Of the three roles Emma Thompson tackles in HBO’s Angels in America, you’d think the magnificent angel would be the toughest. “The angel was a breeze compared to the gay nurse,” Thompson tells POZ. “She had a Queens accent. That

"I found really hard.”

Were she doing the Queen’s accent, of course, Thompson would have had no problem at all. The British actor became a bold-faced name by appearing in high-brow costume dramas and big-screen Shakespeare (Much Ado About Nothing and Henry V, both with ex-husband Kenneth Branagh), eventually nabbing two Academy Awards: one for Best Actress (for her role in Merchant Ivory’s Howard’s End) and one, impressively enough, for Best Screenplay (for Sense and Sensibility). She also cut her teeth as a stand-up comedienne and player on numerous BBC sitcoms. Angels author Tony Kushner, who adapted his Pulitzer- and Tony-award-winning play for the small screen, didn’t have any doubts about Thompson playing the “impossibly difficult role” of the angel, and not just because of her proven versatility. Comparing her to Vanessa Redgrave, Kushner says, “Emma has a moral authority that you see in all her work. It has to do with who she is outside her performance.”

And just who is she? Besides a down-to-earth mother to 4-year-old daughter Gaia and wife to Greg Wise (who played Sense and Sensibility’s hunky cad), she’s also a tough-talking, sometimes foul-mouthed political activist who, in the last few years, has made African AIDS her priority. “I didn’t choose it because it’s some sort of favorite charity,” she says. “It’s the biggest problem facing mankind.”

Thompson’s experience with AIDS dates from the mid-80’s, when her mother, actor Phyllida Law, performed in La Cage Aux Folles in London’s West End and numerous members of the cast died from the disease. In 1996, she lost a close friend, the British journalist Oscar Moore, who chronicled his battle with AIDS in the British newspaper The Guardian. “I was very much in love with him at university, the way one always is with gay men,” she says, adding as an aside, “Thank God I wasn’t a ballerina.” She calls Moore’s last days “a journey we took together.”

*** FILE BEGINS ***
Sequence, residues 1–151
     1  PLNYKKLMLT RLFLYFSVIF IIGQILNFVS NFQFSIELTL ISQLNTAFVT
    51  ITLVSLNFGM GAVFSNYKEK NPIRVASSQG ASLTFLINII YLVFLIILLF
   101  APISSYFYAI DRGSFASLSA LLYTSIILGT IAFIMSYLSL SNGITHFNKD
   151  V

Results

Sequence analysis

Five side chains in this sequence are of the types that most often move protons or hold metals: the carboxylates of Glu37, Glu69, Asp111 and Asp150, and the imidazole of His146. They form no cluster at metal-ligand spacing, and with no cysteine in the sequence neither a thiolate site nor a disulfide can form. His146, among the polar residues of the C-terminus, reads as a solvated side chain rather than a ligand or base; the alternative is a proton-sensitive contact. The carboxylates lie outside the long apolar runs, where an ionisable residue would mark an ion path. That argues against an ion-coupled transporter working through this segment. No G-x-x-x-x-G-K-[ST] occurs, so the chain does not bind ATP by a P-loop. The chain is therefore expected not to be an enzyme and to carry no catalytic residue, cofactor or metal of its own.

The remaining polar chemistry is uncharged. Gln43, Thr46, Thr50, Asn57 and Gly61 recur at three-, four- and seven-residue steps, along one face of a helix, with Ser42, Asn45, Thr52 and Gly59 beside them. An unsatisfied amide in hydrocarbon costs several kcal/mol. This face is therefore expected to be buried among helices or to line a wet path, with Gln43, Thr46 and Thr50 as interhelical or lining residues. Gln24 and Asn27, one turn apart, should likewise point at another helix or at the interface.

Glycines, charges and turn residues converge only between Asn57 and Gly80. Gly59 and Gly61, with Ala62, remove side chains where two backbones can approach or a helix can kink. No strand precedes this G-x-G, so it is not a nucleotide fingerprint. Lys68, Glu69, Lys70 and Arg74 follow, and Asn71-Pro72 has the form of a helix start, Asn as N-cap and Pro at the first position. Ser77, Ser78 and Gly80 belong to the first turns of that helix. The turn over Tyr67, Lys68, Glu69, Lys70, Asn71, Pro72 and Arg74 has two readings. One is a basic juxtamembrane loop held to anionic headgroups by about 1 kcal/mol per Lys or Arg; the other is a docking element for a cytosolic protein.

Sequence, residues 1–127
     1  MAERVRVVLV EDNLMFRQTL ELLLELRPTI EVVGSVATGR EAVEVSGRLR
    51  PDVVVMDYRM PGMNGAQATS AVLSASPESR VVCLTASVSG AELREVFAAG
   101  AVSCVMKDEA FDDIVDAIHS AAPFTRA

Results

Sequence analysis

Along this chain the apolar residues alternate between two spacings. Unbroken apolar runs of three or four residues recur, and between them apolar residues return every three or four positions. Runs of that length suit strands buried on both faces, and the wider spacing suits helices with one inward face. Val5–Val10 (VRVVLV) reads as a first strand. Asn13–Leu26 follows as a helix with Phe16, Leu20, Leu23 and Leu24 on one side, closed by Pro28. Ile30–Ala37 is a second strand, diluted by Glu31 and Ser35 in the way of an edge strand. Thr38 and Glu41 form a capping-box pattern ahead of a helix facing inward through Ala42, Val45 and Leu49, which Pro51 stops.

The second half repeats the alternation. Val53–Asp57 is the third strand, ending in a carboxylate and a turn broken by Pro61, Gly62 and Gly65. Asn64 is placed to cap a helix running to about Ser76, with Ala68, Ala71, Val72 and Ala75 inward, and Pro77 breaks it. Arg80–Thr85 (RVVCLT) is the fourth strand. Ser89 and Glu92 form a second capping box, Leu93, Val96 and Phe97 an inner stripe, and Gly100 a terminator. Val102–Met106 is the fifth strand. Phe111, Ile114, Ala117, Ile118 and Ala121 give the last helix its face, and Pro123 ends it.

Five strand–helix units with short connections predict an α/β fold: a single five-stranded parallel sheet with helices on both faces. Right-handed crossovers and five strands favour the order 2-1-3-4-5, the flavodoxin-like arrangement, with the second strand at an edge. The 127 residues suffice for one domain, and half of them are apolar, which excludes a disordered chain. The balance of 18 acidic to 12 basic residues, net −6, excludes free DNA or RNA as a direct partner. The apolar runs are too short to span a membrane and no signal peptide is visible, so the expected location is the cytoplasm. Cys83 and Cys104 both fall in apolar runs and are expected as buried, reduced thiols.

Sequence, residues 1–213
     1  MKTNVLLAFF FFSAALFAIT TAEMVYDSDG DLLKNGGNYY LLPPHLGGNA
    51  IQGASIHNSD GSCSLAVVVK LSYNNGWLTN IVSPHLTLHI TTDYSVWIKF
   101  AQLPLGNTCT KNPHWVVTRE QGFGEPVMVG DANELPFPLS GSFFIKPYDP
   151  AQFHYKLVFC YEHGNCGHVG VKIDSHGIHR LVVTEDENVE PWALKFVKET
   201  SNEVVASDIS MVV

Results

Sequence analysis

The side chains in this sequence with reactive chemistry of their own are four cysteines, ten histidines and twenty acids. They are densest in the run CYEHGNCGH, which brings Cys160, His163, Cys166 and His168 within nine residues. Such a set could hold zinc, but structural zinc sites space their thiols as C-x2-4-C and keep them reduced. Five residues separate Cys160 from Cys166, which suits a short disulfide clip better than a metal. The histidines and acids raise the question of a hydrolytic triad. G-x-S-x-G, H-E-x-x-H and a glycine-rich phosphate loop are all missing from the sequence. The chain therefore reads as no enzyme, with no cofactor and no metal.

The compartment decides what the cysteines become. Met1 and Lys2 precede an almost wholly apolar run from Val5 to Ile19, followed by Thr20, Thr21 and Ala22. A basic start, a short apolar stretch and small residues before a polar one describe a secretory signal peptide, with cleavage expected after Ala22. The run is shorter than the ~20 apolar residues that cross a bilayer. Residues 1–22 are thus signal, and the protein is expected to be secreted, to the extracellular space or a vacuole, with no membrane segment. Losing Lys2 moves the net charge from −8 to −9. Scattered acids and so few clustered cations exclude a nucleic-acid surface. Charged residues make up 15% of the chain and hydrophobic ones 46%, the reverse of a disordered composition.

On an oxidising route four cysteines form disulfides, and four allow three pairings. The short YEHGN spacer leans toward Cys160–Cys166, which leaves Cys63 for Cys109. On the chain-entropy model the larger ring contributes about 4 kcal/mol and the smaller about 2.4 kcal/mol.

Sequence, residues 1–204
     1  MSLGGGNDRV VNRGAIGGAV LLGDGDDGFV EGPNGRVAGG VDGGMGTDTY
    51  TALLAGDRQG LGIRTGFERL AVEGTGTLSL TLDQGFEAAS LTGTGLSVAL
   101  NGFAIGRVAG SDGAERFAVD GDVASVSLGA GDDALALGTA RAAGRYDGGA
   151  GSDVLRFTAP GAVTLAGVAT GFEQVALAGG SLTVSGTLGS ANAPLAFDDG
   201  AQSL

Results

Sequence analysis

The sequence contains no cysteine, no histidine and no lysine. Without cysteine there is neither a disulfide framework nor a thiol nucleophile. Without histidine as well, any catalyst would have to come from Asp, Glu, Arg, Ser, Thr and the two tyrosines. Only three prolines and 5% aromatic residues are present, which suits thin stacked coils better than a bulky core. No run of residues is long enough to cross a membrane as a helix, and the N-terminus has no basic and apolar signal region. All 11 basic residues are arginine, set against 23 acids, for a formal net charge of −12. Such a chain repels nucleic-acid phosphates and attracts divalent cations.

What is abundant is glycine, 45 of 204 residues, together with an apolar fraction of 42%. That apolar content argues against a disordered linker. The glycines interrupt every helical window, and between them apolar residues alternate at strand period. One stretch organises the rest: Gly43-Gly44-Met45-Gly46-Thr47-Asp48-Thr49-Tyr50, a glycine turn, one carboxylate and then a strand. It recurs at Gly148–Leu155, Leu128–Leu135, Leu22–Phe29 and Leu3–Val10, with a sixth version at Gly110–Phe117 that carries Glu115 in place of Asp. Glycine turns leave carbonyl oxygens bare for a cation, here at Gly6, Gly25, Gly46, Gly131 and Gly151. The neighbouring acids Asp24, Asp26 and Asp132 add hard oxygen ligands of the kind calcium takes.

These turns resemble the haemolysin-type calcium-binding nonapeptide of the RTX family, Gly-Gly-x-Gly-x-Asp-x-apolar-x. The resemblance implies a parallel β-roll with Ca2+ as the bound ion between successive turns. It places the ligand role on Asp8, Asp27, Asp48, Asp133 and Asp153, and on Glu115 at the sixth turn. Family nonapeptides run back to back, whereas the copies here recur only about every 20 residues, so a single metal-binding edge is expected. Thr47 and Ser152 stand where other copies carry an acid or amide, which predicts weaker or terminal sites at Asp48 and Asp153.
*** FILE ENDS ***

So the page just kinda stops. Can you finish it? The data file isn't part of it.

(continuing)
But Thompson didn’t become an AIDS activist in earnest until 2001, when her mother took her to an event in support of the Global Fund to Fight AIDS, Malaria and TB, hosted by the British charity ActionAid. Listening to the speeches and hearing the statistics about AIDS in the developing world prompted Thompson to travel to Uganda in the summer of 2002 in the company of Noerine Kaleeba, an ActionAid boardmember and founder of one of Africa’s largest ASOs, the African AIDS Support Organization. “They came back best friends,” says Lyndall Stein, the group’s international marketing director.

The British channel ITV produced a half-hour TV documentary from the trip, and the European edition of Marie Claire printed portions of Thompson’s travel diary. Thompson has planned awareness-raising trips to Africa every year for the next 10 years and will collect her missions’ diaries in a book. She has also committed a sizable sum of her own money to help build a school in Uganda for poor children. “The problem in many countries in Africa is brain drain,” she says of her choice to fund education rather than medication. “Noerine’s big bugbear is that there are no leaders.”

Thompson is adamant, however, that leadership isn’t just an African problem. After a second fact-finding trip there this summer, this time to Mozambique with Stein, Thompson accused Western governments of “psychotic detachment” from the African AIDS epidemic. She told POZ that, despite Bush’s $15 billion pledge, the situation amounts to “a form of racism.”

“What pisses me off to no end is that the U.S. and the UK find money in three hours to fight a fucking war where they kill thousands of people that we had no quarrel with,” she says. “But then they can’t find even a percentage of the money we need to meet our basic obligations [in Africa].”

Thompson resists the temptation to suggest that an HBO movie about two gay white New Yorkers will somehow help poor, HIV positive Africans. “Were you to show [Angels] to someone dying of AIDS in Africa,” she says, “it would be fascinating for them, but it would not be relevant at all.”

On the other hand, she hopes that for the post-protease crowd in first-world countries, Angels will recall an urgency and anguish that many are eager to forget. “It’s like having the Holocaust as a subject,” she says of the play’s mid-80s setting. “You’re looking at a large group of people going through a terrible, terrible thing, as it were, alone. My friends who were positive at the time, those who survived, speak about it and just go, ‘You can’t imagine what it was like’” Of today’s rising infection rates in the U.S. and UK, she says, “You have to keep reminding people that this is a disease that kills you. It’s no fun to have. We need a new AIDS campaign and we need it yesterday.”

In order to know what AIDS was, in fact, like back in the day, nurses who had worked in AIDS wards in the ’80s briefed Thompson and her heavyhitting costars Al Pacino and Meryl Streep, as well as director Mike Nichols on their experiences (Nichols worked with Thompson in the HBO adaptation of the devastating cancer drama Wit) . But it wasn’t always serious business on the set, especially when Thompson got to strap on those fabulous wings. Sure, the soundstage cables may have worsened her back pain. But, the actor admits, “I’ve always wanted to fly.”